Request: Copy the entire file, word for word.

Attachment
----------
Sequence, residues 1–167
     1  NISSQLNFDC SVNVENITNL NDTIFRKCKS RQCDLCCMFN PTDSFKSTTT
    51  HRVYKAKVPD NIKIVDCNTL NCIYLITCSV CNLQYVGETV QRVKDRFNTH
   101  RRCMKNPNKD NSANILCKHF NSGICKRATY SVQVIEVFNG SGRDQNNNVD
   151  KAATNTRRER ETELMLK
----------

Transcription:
Sequence, residues 1–167
     1  NISSQLNFDC SVNVENITNL NDTIFRKCKS RQCDLCCMFN PTDSFKSTTT
    51  HRVYKAKVPD NIKIVDCNTL NCIYLITCSV CNLQYVGETV QRVKDRFNTH
   101  RRCMKNPNKD NSANILCKHF NSGICKRATY SVQVIEVFNG SGRDQNNNVD
   151  KAATNTRRER ETELMLK